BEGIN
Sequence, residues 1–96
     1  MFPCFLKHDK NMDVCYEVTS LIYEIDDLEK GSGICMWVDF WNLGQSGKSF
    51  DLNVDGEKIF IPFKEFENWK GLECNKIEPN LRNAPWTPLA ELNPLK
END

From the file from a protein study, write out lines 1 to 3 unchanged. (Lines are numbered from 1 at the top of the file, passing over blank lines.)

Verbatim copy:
Sequence, residues 1–96
     1  MFPCFLKHDK NMDVCYEVTS LIYEIDDLEK GSGICMWVDF WNLGQSGKSF
    51  DLNVDGEKIF IPFKEFENWK GLECNKIEPN LRNAPWTPLA ELNPLK